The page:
For a time, anyway, you’ll be able to chuckle over these brain freezes with your family and friends; they’re all experiencing the same thing, after all.
But one day, if you live long enough, you may no longer be able to laugh it off. You may find yourself forgetting the necessities, like taking your medication or eating a meal. You may begin to wander, clueless about your destination and maybe even your location. Familiar landmarks might become unfamiliar; for a moment, you may forget how to get home. And when you are able to shake it off – as if you really can shake it off yourself – the fear may set in.
Some time ago, I read And Have Not Love (Harper and Brothers, 1954), another amazing novel by the late Anne Parrish. In it, she describes the early stages of this phenomenon in the 90-year-old heroine Clara:
“Sometimes she grew confused; was it today, or yesterday? Was it spring, or fall? She would lose her place in life for a moment, and be dizzy, and a little frightened. Now, gazing at the white moon, everything became snow and winter, and she was back in a night when her friends had gone to bed, and would not come out to make merry with her, although she called under their windows, the sleigh bells calling with her, and the moon shone bright as day.
“For a moment, the moon clung to the rim of the horizon, then floated free, filling the night with beauty and infinite loneliness, bringing Clara back to the present. She could do nothing, call no one. There was no one to look at her and distract her. No voice so loved that it could never fail her spoke to her from the past.”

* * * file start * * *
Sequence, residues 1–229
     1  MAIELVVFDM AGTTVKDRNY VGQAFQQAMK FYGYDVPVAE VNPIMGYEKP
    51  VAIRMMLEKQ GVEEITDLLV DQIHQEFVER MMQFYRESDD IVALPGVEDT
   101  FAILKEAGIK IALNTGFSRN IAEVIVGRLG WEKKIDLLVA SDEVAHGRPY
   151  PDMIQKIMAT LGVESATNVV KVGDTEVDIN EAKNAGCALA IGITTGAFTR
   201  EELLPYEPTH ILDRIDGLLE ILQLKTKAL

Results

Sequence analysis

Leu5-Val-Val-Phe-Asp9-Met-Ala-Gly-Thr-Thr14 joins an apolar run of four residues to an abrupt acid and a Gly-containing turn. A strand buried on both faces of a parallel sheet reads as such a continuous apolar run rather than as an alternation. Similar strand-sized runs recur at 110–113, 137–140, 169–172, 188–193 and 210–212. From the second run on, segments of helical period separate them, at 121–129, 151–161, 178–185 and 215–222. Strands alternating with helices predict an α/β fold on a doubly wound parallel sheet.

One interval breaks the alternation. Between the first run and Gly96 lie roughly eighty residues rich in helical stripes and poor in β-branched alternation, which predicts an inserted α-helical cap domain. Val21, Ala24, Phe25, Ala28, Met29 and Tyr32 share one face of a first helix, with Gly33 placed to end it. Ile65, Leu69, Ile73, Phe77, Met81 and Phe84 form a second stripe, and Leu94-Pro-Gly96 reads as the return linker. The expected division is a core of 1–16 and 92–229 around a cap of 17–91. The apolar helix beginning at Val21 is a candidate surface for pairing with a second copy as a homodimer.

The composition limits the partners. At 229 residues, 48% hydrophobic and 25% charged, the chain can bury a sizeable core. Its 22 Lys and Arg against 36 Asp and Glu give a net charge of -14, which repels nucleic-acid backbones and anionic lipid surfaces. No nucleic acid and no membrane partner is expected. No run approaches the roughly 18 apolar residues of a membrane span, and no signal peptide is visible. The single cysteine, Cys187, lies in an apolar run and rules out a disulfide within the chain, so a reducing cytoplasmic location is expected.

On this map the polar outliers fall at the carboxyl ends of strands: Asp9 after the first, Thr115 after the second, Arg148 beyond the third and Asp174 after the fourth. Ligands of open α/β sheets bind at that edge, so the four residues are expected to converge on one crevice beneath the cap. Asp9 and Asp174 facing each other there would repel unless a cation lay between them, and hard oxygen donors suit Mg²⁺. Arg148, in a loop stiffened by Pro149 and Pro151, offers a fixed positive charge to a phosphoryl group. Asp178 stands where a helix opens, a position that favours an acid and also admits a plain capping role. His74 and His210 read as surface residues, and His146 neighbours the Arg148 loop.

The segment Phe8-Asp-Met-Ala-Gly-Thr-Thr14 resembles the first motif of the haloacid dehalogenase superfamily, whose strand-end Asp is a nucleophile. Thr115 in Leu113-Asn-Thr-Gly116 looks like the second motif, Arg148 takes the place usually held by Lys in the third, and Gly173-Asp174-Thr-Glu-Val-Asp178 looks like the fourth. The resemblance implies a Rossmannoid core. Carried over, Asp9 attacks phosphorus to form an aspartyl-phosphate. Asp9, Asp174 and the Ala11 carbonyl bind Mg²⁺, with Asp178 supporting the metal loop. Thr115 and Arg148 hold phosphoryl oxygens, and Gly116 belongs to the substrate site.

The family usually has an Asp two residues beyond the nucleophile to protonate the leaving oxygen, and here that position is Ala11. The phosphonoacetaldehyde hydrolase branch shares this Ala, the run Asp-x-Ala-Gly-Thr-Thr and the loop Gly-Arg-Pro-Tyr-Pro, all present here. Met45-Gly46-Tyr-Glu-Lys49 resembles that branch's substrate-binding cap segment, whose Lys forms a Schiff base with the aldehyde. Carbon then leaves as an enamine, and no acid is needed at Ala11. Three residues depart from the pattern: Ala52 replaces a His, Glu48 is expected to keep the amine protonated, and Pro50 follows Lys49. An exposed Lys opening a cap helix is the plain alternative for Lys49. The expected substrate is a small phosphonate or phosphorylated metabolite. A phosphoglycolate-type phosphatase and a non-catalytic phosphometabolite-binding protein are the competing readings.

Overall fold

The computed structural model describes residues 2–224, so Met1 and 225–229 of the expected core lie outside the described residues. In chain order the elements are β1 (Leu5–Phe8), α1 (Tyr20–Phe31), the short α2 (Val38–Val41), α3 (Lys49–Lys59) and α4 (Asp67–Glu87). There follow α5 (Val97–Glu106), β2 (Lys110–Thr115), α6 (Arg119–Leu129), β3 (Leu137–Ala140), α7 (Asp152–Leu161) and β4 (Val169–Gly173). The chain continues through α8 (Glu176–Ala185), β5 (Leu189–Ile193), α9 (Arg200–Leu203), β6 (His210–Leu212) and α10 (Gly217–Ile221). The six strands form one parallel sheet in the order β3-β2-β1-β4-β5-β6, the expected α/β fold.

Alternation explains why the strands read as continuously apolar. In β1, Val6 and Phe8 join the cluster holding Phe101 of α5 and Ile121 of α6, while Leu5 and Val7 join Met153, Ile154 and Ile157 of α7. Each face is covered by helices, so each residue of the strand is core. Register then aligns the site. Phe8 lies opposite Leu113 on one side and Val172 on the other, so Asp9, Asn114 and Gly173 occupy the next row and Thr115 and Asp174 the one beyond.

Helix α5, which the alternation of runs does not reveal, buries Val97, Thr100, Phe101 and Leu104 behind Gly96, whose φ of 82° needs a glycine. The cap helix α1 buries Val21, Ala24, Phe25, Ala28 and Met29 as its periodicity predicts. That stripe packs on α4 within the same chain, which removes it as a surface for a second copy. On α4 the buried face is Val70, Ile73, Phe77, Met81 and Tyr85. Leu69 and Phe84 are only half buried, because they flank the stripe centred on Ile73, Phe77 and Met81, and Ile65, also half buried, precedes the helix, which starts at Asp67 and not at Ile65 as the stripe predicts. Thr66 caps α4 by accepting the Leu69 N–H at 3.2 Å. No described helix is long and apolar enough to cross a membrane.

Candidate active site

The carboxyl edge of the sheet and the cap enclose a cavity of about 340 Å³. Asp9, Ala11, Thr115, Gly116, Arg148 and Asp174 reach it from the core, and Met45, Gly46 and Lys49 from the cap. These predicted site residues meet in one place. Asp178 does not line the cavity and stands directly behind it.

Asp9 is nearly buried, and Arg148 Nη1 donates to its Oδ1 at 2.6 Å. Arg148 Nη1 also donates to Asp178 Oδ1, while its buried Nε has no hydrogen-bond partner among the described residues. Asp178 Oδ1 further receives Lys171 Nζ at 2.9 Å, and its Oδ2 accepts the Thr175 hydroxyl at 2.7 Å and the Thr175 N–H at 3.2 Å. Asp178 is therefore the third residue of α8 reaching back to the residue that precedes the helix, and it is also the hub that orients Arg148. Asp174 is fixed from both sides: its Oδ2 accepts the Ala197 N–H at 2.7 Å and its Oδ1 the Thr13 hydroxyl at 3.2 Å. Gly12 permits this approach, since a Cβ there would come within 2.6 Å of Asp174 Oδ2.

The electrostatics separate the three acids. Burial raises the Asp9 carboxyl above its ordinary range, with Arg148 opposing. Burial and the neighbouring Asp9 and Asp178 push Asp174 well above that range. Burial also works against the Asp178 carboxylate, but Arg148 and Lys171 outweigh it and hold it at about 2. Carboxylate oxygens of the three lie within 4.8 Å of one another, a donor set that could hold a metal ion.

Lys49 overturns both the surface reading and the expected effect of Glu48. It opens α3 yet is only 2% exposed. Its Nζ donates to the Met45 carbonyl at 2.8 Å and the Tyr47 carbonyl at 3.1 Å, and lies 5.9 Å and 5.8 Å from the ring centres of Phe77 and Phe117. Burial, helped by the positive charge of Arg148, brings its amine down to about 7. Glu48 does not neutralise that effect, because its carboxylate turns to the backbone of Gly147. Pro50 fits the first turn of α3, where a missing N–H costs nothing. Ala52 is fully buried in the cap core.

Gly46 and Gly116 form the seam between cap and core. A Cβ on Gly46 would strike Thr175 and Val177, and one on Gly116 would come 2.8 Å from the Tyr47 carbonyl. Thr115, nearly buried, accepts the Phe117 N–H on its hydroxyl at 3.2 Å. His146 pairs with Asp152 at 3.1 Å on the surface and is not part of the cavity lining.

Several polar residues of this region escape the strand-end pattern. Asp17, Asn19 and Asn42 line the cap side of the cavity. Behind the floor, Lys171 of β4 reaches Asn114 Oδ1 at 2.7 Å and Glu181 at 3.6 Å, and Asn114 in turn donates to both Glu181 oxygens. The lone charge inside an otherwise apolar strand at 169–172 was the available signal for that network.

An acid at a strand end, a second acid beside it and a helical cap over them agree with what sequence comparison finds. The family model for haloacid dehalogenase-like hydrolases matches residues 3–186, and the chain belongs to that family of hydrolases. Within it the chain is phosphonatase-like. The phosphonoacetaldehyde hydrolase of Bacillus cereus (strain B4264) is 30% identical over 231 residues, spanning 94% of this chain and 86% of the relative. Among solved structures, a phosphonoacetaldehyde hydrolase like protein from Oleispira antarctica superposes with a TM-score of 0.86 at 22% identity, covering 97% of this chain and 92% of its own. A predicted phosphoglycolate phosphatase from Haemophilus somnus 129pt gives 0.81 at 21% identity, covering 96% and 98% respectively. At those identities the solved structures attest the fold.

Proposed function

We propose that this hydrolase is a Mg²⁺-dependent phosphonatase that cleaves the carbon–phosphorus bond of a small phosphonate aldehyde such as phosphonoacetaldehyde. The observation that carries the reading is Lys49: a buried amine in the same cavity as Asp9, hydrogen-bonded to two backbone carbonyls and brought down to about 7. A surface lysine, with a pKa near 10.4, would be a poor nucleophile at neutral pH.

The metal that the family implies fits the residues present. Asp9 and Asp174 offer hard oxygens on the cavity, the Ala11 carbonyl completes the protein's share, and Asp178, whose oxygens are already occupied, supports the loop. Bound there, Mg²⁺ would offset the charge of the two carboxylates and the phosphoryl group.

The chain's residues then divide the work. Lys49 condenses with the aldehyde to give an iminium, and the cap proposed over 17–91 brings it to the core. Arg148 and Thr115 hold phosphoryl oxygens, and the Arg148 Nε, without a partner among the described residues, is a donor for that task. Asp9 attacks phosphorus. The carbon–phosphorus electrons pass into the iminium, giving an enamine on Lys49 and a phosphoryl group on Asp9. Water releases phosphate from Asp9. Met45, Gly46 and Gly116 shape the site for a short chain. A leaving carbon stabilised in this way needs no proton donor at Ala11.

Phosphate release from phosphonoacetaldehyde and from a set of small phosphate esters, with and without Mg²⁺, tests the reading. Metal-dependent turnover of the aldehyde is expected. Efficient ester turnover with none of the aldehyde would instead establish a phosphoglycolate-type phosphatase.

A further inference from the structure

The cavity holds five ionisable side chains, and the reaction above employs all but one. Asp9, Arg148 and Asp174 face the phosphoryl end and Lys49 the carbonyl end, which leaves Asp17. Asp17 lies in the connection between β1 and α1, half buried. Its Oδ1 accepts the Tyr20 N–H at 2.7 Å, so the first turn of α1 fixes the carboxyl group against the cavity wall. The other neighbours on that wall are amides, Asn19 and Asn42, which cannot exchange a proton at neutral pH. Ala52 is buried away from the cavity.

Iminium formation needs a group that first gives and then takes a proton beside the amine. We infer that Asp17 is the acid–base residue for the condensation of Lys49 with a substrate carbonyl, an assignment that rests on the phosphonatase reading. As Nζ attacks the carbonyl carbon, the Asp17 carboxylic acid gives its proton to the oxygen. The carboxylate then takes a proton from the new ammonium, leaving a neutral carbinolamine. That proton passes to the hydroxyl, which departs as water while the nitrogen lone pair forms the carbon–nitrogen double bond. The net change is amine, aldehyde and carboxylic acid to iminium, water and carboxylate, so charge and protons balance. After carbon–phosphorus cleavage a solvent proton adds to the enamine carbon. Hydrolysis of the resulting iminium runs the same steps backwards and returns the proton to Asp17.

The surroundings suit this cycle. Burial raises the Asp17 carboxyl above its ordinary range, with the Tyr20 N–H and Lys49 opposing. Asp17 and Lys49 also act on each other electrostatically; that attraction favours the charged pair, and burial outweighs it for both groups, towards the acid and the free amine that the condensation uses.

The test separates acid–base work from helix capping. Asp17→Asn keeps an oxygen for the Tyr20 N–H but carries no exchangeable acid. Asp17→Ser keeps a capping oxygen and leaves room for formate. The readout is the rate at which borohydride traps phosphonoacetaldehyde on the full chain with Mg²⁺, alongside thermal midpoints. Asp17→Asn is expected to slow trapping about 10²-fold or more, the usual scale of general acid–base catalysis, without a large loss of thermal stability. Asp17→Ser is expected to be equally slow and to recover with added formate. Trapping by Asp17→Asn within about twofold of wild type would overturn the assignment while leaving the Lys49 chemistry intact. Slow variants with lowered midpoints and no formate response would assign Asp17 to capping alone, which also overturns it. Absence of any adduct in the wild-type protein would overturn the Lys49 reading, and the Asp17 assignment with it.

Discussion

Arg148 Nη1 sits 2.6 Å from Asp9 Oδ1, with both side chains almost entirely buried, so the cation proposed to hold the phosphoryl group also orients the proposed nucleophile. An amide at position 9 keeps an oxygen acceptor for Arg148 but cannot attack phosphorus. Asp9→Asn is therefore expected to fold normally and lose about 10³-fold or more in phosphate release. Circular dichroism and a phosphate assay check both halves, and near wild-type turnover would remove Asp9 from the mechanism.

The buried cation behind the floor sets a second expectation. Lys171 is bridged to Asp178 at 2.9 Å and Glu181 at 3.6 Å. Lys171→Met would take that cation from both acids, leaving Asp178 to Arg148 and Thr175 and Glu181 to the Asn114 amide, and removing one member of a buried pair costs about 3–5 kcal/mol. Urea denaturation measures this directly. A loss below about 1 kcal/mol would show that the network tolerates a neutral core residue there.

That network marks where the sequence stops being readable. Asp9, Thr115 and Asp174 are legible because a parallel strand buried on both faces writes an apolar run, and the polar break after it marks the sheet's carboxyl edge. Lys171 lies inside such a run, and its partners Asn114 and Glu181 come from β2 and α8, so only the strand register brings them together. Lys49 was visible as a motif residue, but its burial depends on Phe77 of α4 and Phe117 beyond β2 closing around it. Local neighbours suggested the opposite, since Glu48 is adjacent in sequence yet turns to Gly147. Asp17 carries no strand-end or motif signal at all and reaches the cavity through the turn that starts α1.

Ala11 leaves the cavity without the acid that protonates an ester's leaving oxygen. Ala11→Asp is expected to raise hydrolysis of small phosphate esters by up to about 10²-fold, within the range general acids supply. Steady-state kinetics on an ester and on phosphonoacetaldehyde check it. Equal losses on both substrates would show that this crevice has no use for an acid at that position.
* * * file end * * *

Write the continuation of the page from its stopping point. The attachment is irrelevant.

So what are we to do when we begin to see the signs of such deterioration in a friend or loved one? The answer – the only answer -- can be found in the title of this novel, drawn from the apostle Paul’s great love chapter, 1 Corinthians 13:
“Though I speak with the tongues of men and of angels, but have not love, I have become sounding brass or a clanging cymbal. And though I have the gift of prophecy, and understand all mysteries and all knowledge, and though I have all faith, so that I could remove mountains, but have not love, I am nothing. And though I bestow all my goods to feed the poor, and though I give my body to be burned, but have not love, it profits me nothing.”
The best thing we can do for those sinking into dementia is to wrap them in agape love – selfless and sacrificial love that has nothing to do with emotions and everything to do with serving God. Allow them to see us as protectors, as people who will care for them even as they forget our names and our relationships to them. Help them to feel safe whenever our eyes meet theirs.
And then? Be there. Make them a priority. Years ago, the daughter of a friend of mine with MS said it was easy to tell who her family’s real friends were. “They’re the ones who just show up,” she explained from her home six hours away. “They mean the world to us. And most important, they mean the world to Mom.”